01 Aug Stop Running Injury In its TRACKS
We can all agree that running is a beautiful thing. It’s an amazing form of exercise that few things compare to. Whether alone, or with a running group or a team sport, when done properly it can enhance your physical fitness, health and well-being. It strengthens muscles and builds strong bones as well as burning plenty of calories to help you maintain a healthy weight. One of major problem with running is, it is associated with a staggering high chance of injury. Figures show 70 % of people will sustain an injury while running. That’s crazy!
It’s an all too common scenario that we hear from our runners, they start running again or start building up there running. They feel something is not right, a twinge in a muscle or a sore joint, they shrug it off, pop a few ibuprofen pills, put some ice on the area and continue. A few weeks later there on the couch in agony. What are the chances of this happening? Pretty damn high!
Over the last decade, running science has shifted its focus from treatment to the prevention of injury. Just like so many health problems we suffer from today we know prevention is a really KEY thing. What I am going to share with you is far from rocket science, of course there is also a number of other things to consider but these THREE prevention strategies will give you the biggest bang for your buck! It will give you great long term benefits and significantly reduce your likelihood from substantial injury.
Know Your Limits….
The reason why injury rates are so high is that it’s extremely easy to go and injure yourself. Just go out for a run and do too much, you will get injured! It may happen instantly at that run or 3 weeks later after a few runs, even some problems takes months to surface from an accumulation excessive running load. Your body has this little thing called the zone of optimal stress. Your muscles, tendons, ligaments and joints have a threshold of stress that they can tolerate, go over that threshold and you have a high probability of injury! Everyone’s threshold is different and the good thing is it can be improved by yes you guessed it running. Following a training program is one of the safest ways to start and stay running for the long term. Knowing how much you are capable of doing, benchmarking that, and being sensible when increasing your running mileage is one of the best things you can do.
Be the Tortoise, not the Hare. Increase your weekly and monthly running totals gradually. Use the 10-percent rule as a general guideline, but realize that it might be too aggressive for you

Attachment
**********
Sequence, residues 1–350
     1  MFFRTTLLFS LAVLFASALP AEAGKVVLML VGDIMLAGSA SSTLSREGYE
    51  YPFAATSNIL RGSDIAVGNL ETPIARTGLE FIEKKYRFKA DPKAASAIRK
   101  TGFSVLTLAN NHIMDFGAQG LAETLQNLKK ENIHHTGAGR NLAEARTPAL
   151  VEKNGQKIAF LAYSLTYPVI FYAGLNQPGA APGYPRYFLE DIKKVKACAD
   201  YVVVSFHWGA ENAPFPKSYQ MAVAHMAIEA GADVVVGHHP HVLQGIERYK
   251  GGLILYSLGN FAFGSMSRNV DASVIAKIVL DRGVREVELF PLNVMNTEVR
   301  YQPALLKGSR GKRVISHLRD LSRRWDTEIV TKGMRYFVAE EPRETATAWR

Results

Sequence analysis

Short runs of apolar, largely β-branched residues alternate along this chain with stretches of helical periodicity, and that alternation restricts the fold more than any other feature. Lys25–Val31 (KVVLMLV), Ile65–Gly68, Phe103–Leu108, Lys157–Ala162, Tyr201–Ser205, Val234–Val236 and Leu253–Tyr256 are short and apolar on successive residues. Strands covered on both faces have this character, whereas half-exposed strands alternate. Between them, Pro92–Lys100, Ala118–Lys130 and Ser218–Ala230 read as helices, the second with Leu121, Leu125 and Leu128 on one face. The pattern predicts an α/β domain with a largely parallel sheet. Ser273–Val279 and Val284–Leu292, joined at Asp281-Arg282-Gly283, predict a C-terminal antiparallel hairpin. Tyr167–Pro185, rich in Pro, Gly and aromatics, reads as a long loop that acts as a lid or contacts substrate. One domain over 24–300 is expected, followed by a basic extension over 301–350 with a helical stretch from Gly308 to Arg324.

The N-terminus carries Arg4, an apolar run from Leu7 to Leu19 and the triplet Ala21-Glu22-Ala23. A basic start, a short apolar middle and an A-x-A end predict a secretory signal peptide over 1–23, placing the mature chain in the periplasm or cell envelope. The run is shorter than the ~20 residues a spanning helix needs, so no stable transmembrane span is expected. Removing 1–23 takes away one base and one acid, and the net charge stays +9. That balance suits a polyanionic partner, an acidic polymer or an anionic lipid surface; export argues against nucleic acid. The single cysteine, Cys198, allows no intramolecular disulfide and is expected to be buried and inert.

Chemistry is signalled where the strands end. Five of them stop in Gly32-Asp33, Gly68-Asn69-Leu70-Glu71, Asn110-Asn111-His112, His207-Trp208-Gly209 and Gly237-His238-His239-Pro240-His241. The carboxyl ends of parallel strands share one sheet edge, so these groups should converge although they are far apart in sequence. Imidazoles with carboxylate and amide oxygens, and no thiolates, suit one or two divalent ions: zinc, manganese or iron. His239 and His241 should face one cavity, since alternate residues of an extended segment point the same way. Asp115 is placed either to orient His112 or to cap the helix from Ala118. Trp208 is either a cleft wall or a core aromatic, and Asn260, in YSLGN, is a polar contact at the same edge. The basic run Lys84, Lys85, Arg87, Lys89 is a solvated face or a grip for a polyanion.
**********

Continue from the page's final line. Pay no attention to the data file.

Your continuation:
Strength Training is Key
But I don’t need big muscles to run? Recreational runners over the years are now seeing tremendous results from adding strength training into their program. A runner’s best armour against injury is a strong body. We are constantly seeing runners that strength train having less injuries and improved performance. It helps to guard against impact, builds your tissues tolerance to running stress and leads to a more consistent running form. If one muscle isn’t strong enough or isn’t working well, other muscles compensate and our entire chain can be disrupted and contribute to injury. If your foot has stability issues, it can roll in more, causing your knee to turn in and your hip to drop. When a strong body runs everything is working efficiently, if the foot and ankle muscles are strong it provides a solid base to land and propel upon.
You don’t need massive muscles to be strong. Lift heavier with lower reps of 5 or less can promote optimal strength and minimise muscle growth. Try for sessions 2-3 times per week. Focus on your legs, it’s particularly important to focus on your hip muscles. When you strengthen you gluteus muscles you increase your leg stability all the way down to the foot.
If you Have Pain get it checked out.
This is perhaps the most widely repeated advice by health care specialists to avoid more chronic and long term injury. Do not run through pain, stop your pain in its tracks. Pain is your body’s signal and acts as a messenger system to notify you something is not quite right. See someone that actually pays attention to your pain, accurately identifies the problem and gets to the root of what’s causing it so you can get back to running as quick as possible.
Depending on the sort of pain will depend on who you may want to consult with about your problem. At Solefix we deal with all types of foot, ankle and lower leg running injuries; such as big toe arthritis, neuroma’s, heel spurs, plantar fasciitis, shin splints, calf strains, and achilles tendon pain to name just a few.
We work closely in conjunction with our external team of referrers such as physiotherapists, osteopaths, general practitioners and sports doctors for knee, hip and back complaints assessing the foot’s role in injury through biomechanical and gait function asssessment of the entire lower limb and body.
Call our friendly receptionist on (03) 6249 1155
53 Main Road, Claremont, Tasmania
Solefix Podiatry incorporating Claremont Podiatry